Local Hawaii ingredients used with an international flair
^BNanette^K^H (Gone but not forgotten) 1946-2020
Friday, June 17, 2011
A Japanese harbinger of Spring, reinterpreted in Hawaii
by Nanette Geller
In all cultures, Spring is a time to celebrate rebirth and renewal. Nowhere is it greeted more joyously than in Japan, where the unfolding of the season brings one symbol after another into focus as an excuse to party. February’s plum blossoms remind us that the snow will soon melt. A couple of months later, weather programs report the cherry blossom front as it moves north, lingering for just a few precious days in each location.
The first bamboo shoots of Spring are greeted not only with joy, but also with appetite. The mountain ranges to the East and West of the ancient capitol of Kyoto are home to both temples and bamboo forests. Small wonder, then, that Kyoto cuisine includes special Spring dishes, many of them in the Buddhist vegetarian tradition, celebrating the season with fresh bamboo shoots.
Another Japanese ingredient which shouts “Spring” is ki-no-me, the tender young leaves of the sansho bush (Japanese prickly ash, closely related to Sichuan pepper). The way they harmonize with bamboo shoots is a perfect illustration of the saying “what grows together goes together.” Ki-no-me can be used whole, laid across the top of a dish as a fragrant last-minute garnish. They can also be blanched and blended with sweet white miso for a thick dressing which is delicious with bamboo shoots.
One typical Spring favorite in Kyoto is waka-take-ni, a simple simmered dish of wakame seaweed and bamboo shoots (takenoko). In temple cooking it is simmered with a vegetarian broth, but in homes and restaurants can be made with katsuo dashi (stock made from shaved dried bonito and kelp). It is served topped with fresh ki-no-me as the perfect finishing touch.
I recently used fresh Big Island hearts of palm (from Wailea Ag Group) in a dish which is often made with bamboo shoots: sautéed and coated with katsuo shavings. The texture and flavor were not the same, but were remarkably reminiscent of bamboo shoot.
I decided to try substituting hearts of palm in waka-take-ni.
I used katsuo dashi with a glug each of sake and mirin. I wanted to maintain the color so I used just a touch of shoyu and then added salt to taste. I also added some ginger juice, typical in this dish (just squeeze some freshly grated ginger with your fingers and discard the pulp). Kyoto cuisine features delicate seasoning so I kept it on the light side. The idea is to enhance the flavors of the main ingredients, not mask them.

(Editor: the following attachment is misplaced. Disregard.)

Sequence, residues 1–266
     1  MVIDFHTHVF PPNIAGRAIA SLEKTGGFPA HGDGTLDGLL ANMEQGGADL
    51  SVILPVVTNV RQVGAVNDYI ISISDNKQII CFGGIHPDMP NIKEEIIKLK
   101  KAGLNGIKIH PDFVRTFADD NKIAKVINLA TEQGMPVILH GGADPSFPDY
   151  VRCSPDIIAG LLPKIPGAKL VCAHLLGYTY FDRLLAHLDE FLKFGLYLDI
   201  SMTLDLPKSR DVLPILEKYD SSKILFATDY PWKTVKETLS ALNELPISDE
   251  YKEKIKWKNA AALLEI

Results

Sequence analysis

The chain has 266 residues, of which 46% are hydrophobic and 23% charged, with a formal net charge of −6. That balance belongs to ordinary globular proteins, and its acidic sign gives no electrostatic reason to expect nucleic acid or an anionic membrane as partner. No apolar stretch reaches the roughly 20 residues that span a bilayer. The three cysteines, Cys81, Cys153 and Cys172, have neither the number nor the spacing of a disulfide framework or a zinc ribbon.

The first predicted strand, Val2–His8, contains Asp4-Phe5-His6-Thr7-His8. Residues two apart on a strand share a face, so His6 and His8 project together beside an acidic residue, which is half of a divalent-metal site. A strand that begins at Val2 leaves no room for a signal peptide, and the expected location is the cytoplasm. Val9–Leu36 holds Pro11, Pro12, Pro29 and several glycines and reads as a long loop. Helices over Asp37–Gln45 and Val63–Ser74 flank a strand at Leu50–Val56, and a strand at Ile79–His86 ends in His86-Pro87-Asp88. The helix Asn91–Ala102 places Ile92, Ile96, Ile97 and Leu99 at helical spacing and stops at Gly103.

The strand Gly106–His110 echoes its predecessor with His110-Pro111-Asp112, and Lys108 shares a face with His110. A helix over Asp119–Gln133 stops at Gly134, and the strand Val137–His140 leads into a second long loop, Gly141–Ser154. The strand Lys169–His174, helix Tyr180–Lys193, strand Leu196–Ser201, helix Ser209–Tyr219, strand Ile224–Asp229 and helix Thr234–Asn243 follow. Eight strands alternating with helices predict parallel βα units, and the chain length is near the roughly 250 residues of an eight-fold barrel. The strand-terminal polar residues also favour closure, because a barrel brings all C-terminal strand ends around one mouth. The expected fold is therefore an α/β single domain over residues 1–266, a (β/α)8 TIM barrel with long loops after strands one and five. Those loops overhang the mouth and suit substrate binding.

While the cut-up hearts of palm were simmering, I soaked dry wakame to rehydrate it. When the hearts of palm were almost tender I added the wakame and continued simmering until both were tender. I allowed it to cool to room temperature before plating.
In the absence of ki-no-me, I added a few drops of ginger juice as a finishing touch. Next time (and there will be a next time!) I think I’ll try a light sprinkle of grated lemon zest as well.
No one could mistake this for bamboo shoot, but the dish was definitely successful. Of course, without bamboo shoot I can’t call it waka-take-ni. I wonder if anyone else has ever made simmered wakame and hearts of palm?
Wailea Ag Group will be at KCC farmers market tomorrow with fresh hearts of palm. Go ahead and try it, it’s delicious cooked or raw. And if you decide to simmer it with wakame, let me know how it turns out.
Have you had fresh hearts of palm? The taste and texture are quite different from canned. I think it's more like bamboo shoot (takenoko) than daikon. Daikon has a much sharper flavor, especially raw.
I love daikon, especially grated (daikon oroshi). Daikon is also delicious simmered (nimono) so I'll bet it would be good made with wakame, the same way I did with the hearts of palm. I'll have to try it.
Thanks for your comment!
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